While in government, the Taliban practically operated by the third syllable of its name, Ta-li-ban. It banned nearly every modern feature of Afghan society. Activities depicting people and other living things, such as painting, photography, movies, television, music, and the Internet, were all banned. Sporting and recreational activities, including mass-appeal sports like football, were banned. Religious and cultural artefacts were deemed idolatrous and therefore banned. Life became drab and dull as the Taliban sought total control over the way of life of all Afghans. All men were forbidden to shave their beards, and the wearing of the turban outside the home was made compulsory. Floggings, imprisonments, and executions attended violations.
It was, however, the Taliban’s repression of women that drew the attention of the rest of the world to its tyranny. Apart from being prohibited from working, women were forbidden from attending schools, and those already in attendance prior to 1996 (when the Taliban seized power) were withdrawn. They were all required to remain in purdah, and whenever they ventured outside their abode, they had to be attired in the burqa (a traditional dress covering the entire body from head to toe with a small slit for the eyes). Outside the home, they had to be accompanied by male relatives. Non-compliance was met with public flogging and stoning. Women, whether in their parental or marital homes, became glorified prisoners.
Leopards do not change their spots. Hence, the Taliban cannot be expected to deviate from its religion-based autocracy and misogyny in its second coming. For all its present moderate posturing, the Taliban is part of the global axis of religious extremism and terror, which includes al-Qaeda, and the Islamic State in Iraq and the Levant (ISIL), with the likes of Boko Haram and Al Shabaab playing supporting casts. Together, they all view women as objects not deserving of social existence. The untold horrors of sexual violence and slavery committed by ISIS against the Yazidi women of Sinjar in Northern Iraq, in August 2014, attest to this position. One account had it that the women were treated as “spoils of war” and sold “like cattle,” with age determining their price tag: “The younger the slave, the more expensive.” Pray that the victorious Taliban, like ISIL, is not tempted to consider Afghan women “infidels” as part of its spoils of war, just like the American-supplied weapons seized from Afghan forces.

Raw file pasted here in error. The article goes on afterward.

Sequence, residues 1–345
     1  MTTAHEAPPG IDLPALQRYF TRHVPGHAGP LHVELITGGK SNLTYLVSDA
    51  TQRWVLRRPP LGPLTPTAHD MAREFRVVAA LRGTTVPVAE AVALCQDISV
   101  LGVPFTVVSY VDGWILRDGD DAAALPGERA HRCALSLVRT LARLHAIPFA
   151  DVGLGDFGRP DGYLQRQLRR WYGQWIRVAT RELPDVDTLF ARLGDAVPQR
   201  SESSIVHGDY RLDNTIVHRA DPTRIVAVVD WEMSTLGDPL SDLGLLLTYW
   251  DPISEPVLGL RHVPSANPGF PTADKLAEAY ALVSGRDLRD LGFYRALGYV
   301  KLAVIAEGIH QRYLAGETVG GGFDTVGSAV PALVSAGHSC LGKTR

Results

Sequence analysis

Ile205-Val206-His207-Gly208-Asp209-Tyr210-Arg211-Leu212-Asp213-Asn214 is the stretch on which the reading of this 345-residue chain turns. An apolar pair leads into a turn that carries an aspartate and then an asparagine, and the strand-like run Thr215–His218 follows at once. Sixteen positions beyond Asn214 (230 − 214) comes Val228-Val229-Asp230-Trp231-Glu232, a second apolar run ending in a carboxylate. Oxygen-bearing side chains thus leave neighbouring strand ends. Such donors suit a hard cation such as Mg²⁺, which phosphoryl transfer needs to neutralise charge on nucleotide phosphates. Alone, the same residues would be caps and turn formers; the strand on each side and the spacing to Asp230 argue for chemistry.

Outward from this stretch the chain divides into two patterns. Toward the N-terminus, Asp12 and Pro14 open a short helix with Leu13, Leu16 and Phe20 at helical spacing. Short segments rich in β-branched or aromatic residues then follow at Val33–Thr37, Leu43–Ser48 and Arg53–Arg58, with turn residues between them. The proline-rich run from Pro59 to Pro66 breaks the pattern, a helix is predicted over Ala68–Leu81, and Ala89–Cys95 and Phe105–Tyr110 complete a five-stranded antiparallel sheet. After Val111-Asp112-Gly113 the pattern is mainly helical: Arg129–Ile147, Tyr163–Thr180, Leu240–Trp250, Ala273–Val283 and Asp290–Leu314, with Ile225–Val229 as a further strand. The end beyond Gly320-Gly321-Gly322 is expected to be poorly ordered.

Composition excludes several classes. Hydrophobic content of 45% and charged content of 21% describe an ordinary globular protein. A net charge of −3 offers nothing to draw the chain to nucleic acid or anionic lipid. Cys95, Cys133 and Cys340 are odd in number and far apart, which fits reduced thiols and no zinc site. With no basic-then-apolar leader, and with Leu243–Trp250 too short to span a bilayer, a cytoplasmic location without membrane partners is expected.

Twenty years have elapsed since the Taliban’s first tumultuous reign under Mullah Omar was terminated in a blaze of gunfire and missiles by US and NATO forces in collaboration with local Mujahedeen elements represented by the likes of “Northern Alliance” and “Hezb-e-Islami Gulbuddin,” all of whom are presently watching events from the sidelines. What they might do next is anybody’s guess. In any case, the Taliban would soon come to the realization that it is easier to wage a hit-and-run guerilla campaign than run a civil government. Now that the common enemy, “the US and its puppet government,” are out of the way, the militants and warlords may soon be at daggers drawn aiming for each other’s jugular in their selfish quest for control of the reins of power. Therefore, it may not be smooth-sailing for Hibatullah Akhundzada’s government.
Nevertheless, miracles do happen, even in international relations. Like the Socialist Republic of Vietnam, which normalized relations with the US in 1995, and has also opened up its communist-oriented society to the rest of the liberal-capitalist world, a Taliban-led Afghanistan might metamorphose into a moderate Islamic state where the basic freedoms and rights of citizens, especially the womenfolk, are respected. Time will tell.
Dennis Onakinor, a self-styled “natural historian,” is a public and international affairs analyst, who lives in Lagos.